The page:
As I was laying there wondering if I was going to make it to the hospital, I could hear sirens in the distance; finally. My very next thought was my son growing up without a father. That in mind, I reached into my pocket and pulled out my cellphone. I had to at least say goodbye. His mother answered and immediately knew something was wrong when I asked to speak to him. After a brief moment, one of the bystanders grabbed the phone from me to explain to her what had happened. The paramedics were there almost instantly after I was pulled out. Stabilizing me as well as possible, they rushed me to St. Joseph’s Hospital. Fortunately, we were only about 7 minutes away. I was taken straight to the OR where a top neurosurgeon was waiting.

All in all I suffered a T-11 burst fracture that resulted in spinal cord injury, 5 broken ribs on my left side, a collapsed left lung, and facial lacerations. The top-notch team had me fused back together with titanium rods on each side of my spine from T-10 to L2 within three hours. I spent 10 days there at St. Joe’s and transferred to the Craig Hospital in Englewood, CO. Craig is the leading national rehabilitation hospital for spinal cord injury and traumatic brain injury. It was a crash course in ‘How to be paralyzed’. You have to re-learn basic skills. Something as simple as sitting up. When sitting on the edge of a chair with my feet on the floor, I could not sit up without supporting myself with my arms. Are you kidding?? I had to learn to sit again. Without your legs your body is no longer anchored to the earth. I spent 2 months at Craig learning to navigate through life in a wheelchair.

Two days before Christmas I returned to Phoenix, but not home. I was living in a two story house when I got hurt so my family and friends moved my son and I into a two bedroom, single level apartment. For eight hundred a month, at 950 sq. ft. and not quite set up for my new handicap needs, it wasn’t exactly my dream place. The laundry is outside on the back patio in the utility closet boasting a ‘Thin Twin’ stacked unit that I have great difficulty reaching into, never mind emptying the lint trap located at the back of the dryer. I avoid the kitchen whenever I can. Not only does it not have an accessible counters and sink, the space is so tight I can barely make a 360 degree spin to turn around. Opening cabinets with a wheelchair in front of it is counter-productive. Cooking is almost a guarantee to get burned. The oven opens up just far enough with me in front of it to bounce my arm off of it. The bathrooms do not have any grab bars for safety, nor any handicap fixtures. To look on the bright side, I have a nice view of the gazebo and small water feature that spans the length of the complex.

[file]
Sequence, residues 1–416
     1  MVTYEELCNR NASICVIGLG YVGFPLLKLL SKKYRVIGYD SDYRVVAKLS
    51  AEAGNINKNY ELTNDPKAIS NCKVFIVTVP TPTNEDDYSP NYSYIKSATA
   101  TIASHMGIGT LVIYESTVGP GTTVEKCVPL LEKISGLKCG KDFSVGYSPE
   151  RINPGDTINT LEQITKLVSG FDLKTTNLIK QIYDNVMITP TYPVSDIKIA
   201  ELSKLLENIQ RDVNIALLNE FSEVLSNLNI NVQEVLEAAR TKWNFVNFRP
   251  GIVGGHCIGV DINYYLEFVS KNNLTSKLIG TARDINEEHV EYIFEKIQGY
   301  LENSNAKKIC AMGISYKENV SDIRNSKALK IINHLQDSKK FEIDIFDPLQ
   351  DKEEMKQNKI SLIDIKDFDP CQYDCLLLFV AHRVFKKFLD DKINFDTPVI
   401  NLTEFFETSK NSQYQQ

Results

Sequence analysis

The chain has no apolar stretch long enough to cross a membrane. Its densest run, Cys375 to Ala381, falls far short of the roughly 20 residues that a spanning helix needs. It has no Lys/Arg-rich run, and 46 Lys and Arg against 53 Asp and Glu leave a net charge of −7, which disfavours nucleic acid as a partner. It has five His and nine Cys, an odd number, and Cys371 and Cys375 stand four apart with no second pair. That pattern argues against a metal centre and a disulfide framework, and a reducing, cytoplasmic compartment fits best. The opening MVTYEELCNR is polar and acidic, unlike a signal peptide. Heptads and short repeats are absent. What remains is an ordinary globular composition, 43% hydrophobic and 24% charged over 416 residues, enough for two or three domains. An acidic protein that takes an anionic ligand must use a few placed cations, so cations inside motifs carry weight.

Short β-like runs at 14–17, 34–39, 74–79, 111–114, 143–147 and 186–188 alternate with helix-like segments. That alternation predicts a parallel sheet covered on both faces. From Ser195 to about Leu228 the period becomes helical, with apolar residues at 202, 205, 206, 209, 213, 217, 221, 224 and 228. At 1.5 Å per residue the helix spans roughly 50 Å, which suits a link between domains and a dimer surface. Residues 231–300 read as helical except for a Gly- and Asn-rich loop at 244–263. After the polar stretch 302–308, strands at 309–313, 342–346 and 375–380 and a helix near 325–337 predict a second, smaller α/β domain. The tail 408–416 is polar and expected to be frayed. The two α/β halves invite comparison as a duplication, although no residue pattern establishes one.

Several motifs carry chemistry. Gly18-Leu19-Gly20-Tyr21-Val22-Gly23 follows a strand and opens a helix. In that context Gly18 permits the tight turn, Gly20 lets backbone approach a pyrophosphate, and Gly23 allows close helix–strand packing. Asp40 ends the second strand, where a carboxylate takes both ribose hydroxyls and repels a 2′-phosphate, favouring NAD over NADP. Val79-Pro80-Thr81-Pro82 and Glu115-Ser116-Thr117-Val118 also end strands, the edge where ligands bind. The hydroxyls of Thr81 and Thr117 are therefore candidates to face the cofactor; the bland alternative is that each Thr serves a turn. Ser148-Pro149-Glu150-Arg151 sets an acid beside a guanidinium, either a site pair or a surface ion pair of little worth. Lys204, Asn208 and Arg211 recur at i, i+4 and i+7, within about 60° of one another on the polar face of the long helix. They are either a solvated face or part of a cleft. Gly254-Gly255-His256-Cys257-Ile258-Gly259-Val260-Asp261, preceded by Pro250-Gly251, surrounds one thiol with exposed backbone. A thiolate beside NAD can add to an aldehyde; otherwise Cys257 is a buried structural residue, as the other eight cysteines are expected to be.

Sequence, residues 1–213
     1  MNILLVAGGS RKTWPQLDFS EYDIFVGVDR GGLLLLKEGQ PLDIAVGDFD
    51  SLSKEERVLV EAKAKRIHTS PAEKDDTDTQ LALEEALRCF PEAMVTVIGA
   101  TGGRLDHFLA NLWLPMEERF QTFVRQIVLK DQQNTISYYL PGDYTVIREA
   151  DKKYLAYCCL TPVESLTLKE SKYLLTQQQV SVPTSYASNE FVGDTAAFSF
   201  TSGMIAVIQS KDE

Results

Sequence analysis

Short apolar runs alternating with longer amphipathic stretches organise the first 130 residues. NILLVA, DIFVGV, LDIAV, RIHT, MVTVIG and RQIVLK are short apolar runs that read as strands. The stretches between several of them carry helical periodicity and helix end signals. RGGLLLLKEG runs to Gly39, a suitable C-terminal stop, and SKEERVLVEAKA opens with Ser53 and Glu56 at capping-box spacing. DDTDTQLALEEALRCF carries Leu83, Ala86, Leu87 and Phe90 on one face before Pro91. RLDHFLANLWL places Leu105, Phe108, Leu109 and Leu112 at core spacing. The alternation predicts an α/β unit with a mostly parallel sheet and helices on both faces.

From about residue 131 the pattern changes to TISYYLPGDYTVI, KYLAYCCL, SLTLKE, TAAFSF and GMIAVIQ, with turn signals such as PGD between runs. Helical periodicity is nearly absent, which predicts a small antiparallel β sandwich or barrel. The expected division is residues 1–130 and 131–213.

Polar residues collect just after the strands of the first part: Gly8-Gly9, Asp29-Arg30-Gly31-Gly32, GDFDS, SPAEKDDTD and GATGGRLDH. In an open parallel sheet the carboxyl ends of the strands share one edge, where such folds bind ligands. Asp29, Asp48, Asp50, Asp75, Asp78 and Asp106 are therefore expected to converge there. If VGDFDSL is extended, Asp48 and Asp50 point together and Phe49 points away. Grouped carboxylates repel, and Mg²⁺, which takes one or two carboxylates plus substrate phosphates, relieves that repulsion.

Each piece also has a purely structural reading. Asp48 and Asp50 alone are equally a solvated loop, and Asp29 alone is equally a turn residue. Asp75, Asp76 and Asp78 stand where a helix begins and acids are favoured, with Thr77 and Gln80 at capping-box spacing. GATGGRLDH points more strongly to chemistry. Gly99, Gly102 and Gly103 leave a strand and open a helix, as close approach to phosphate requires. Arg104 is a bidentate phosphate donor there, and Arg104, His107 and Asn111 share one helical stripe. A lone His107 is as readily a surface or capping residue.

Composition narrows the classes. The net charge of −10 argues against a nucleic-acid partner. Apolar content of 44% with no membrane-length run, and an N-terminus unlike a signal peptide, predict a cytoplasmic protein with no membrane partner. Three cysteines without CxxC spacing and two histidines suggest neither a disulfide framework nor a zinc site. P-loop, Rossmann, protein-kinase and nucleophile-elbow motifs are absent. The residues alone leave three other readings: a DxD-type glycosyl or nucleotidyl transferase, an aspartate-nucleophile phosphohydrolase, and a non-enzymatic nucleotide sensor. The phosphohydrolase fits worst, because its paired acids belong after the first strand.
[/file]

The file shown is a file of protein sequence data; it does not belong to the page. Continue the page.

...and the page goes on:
My apologies for the lengthy story. I am in desperate need of a home that is handicapped accessible as well safe for my six year old son. Money is tight but manageble due to the average cost of living in the Phoenix metro area and insufficient benefits received under worker’s compensation regulation. I have started this crowd funding campaign in hope of collecting enough money to put a down payment on a home that will be modified to fit my unique situation. Thank you in advance for extreme generosity and compassion!

Robert

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Robert Griffith